Thursday, 10 October 2013

Noginsk - first impressions

Our apartment block
The title of this post is somewhat misleading!  It should probably read second, third, or, even, fourth impressions because, had I really written about our first impressions, it would have been none too favourable!  Now, with the passing of time, we are growing to really like our new home. 

We relocated to Noginsk, a town 40 minutes or so to the east of Moscow, about two weeks ago.  We flew into Moscow Domodedovo airport, landing at around midday, after a very pleasant Easyjet flight from Gatwick.  It was definitely worth paying the £8 per person surcharge in order to secure priority seats with a larger carry-on baggage allowance and the bonus of avoiding the very lengthy queues at baggage drop-off.  Descending the steps onto the tarmac, we were struck by how cold it was.  The UK was experiencing something of an Indian summer at the time, so we went from 22 degrees to only three in about three and a half hours!  Luckily, we had come prepared and were soon wrapped up in coats and scarves, something we had never had to do in our two years in Vietnam!

We were met at the airport by a representative from my new school and were driven to our accommodation in Noginsk.  The journey took far longer than I'd anticipated - about three hours - largely due to the sheer volume of traffic all along the route.  On the way, we were pleasantly surprised by the vast areas of forest we drove through - it certainly didn't feel like we were on the outskirts of a major capital city.  The snow which began to fall as we drove was not such a pleasant surprise!  Our driver assured us it was unseasonably cold and that the large quantities of lying water in the fields was the result of extraordinary amounts of rainfall in recent days and not at all the kind of weather the area should be having in late September!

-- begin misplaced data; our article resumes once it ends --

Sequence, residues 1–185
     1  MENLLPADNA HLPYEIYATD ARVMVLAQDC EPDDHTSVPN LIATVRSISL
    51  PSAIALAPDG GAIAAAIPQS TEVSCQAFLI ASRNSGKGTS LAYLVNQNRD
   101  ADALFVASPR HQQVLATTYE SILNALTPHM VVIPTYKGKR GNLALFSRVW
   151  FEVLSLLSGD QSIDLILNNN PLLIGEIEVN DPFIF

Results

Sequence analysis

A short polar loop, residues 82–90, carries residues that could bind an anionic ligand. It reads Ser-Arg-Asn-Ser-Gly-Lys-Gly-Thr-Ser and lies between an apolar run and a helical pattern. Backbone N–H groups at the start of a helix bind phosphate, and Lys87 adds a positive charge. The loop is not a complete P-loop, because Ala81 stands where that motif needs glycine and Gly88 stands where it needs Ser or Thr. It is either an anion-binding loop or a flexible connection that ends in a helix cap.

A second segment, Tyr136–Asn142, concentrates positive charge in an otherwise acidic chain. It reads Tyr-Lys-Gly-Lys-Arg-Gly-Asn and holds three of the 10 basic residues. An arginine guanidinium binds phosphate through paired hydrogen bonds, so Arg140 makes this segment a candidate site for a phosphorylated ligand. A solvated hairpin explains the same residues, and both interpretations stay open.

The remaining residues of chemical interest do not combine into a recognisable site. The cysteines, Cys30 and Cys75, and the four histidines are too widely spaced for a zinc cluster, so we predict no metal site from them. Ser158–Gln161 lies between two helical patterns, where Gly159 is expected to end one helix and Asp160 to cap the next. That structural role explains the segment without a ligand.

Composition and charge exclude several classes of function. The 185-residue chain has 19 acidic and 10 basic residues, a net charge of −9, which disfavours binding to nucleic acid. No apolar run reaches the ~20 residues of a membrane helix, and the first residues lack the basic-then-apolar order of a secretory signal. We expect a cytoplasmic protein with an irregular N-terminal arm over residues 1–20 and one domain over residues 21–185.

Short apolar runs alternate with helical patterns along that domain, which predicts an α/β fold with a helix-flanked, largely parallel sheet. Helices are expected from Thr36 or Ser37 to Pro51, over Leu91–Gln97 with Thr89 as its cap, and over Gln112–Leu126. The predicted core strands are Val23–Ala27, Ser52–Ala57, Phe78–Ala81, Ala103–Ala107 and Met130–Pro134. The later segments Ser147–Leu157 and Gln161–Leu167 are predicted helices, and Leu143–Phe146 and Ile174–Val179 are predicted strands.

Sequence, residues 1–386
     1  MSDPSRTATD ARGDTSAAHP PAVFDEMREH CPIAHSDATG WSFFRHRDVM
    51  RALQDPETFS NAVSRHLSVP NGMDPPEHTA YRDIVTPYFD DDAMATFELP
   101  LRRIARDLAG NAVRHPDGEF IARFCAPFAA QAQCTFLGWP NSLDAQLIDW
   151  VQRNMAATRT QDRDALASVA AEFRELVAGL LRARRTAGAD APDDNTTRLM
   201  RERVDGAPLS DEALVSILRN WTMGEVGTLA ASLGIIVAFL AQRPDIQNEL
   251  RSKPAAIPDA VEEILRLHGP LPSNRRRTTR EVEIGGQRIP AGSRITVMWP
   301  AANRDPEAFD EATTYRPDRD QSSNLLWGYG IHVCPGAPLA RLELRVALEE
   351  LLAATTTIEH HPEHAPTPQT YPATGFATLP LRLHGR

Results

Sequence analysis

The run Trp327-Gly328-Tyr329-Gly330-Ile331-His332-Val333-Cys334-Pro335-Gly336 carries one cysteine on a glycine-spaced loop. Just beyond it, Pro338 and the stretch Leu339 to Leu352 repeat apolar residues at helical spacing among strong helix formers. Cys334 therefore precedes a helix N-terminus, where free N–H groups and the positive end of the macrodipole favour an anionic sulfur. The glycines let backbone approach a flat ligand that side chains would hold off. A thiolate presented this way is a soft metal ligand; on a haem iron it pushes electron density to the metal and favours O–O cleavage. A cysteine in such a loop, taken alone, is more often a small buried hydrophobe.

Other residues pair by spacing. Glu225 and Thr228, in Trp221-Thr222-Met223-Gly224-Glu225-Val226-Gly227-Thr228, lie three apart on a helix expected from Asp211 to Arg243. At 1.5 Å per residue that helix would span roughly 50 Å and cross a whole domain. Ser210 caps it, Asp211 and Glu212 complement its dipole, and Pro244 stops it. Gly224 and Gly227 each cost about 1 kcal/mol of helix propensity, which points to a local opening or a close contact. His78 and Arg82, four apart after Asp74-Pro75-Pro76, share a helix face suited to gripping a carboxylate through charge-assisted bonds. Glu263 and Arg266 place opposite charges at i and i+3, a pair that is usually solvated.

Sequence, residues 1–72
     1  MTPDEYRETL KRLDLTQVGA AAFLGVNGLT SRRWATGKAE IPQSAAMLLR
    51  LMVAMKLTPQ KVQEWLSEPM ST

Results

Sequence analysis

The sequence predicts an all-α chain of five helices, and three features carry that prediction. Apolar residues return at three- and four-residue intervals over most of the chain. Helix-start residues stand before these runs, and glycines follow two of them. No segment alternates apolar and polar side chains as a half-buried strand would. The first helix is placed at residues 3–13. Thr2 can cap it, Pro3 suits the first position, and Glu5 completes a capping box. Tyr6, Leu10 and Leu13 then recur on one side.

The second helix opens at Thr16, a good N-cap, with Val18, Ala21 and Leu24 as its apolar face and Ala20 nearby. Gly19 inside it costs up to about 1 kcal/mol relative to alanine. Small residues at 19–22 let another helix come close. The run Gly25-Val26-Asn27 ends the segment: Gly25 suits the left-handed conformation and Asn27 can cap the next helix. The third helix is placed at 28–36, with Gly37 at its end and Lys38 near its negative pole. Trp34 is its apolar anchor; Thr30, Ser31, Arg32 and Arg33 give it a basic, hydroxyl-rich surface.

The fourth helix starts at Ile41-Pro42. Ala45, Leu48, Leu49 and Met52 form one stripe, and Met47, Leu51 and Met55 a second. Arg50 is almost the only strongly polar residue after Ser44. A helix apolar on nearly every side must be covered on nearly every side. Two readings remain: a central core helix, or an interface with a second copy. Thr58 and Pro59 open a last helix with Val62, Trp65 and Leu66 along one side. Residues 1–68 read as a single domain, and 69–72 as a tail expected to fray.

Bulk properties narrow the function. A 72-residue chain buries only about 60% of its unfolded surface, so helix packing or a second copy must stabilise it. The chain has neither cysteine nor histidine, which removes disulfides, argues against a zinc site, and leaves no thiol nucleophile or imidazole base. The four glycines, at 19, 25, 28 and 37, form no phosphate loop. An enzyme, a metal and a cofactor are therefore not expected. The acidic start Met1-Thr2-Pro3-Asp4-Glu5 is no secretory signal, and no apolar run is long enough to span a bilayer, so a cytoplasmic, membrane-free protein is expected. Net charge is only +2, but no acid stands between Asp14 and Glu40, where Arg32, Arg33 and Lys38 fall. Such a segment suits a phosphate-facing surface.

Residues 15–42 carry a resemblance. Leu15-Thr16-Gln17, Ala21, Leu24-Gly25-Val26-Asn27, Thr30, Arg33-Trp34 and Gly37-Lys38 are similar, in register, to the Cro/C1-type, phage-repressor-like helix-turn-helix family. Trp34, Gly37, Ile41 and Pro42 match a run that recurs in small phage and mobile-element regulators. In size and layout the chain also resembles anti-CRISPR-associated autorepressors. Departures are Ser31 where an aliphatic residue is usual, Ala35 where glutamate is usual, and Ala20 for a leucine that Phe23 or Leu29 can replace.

Epiphany Cathedral
I think the bone-chillingly cold weather really affected our first impressions of Noginsk.  The gloomy grey skies and temperatures barely above zero, coupled with the fact that the communal heating had yet to be switched on, making our apartment feel cold, damp and uncomfortable, did nothing to sell the place to us.  In the first few days here, despite the best efforts of my super helpful and friendly colleagues, we also had problems with a broken cooker, a dodgy internet connection, a washing machine that didn't work, and a plague of flesh-eating mosquitoes!

Now, however, we have been here for a bit longer and many of the initial problems have been solved.  The temperature has risen, the heating has kicked in, and we have even had one sunny day, so I am able to be a bit more complimentary about our new home town and I am sure we will enjoy our time here. 

Some observations:
  1. Generally, people don't smile!  As someone who smiles a lot, and having come from living in a country where seemingly everyone is super friendly, this came as a bit of a shock.  Even when you catch someone's eye in the street, or hold a door open for someone, they don't return your smile.  Clearly, when you get to know them, Russian people are as friendly as any others, but this initial apparent sourness is taking some getting used to!
  2. There are trees everywhere!  Everywhere you look is green and forested - it's wonderful!  We love to walk, so having so much countryside on our doorstep is a real bonus.  Even in the town itself, there are large areas of parkland to wander through.
  3. The mosquitoes are horrendous!  When we were deciding what to bring with us to Russia, and with weight allowance being a prime concern, we discarded all of our mozzie repellents (sprays and plug-ins), deeming them unnecessary in the cold climate we were heading for.  How wrong we were!  We have never lived anywhere where we have been bitten as much as here!  When you are convinced you have killed every single flying thing in the apartment, another mozzie will buzz by your ear!  We have now bought every product we can find in our local shops, but none seem effective in our battle against them.  We are pinning our hopes on a long, hard winter to kill them off and, in the meantime, have resigned ourselves to more sleepless nights!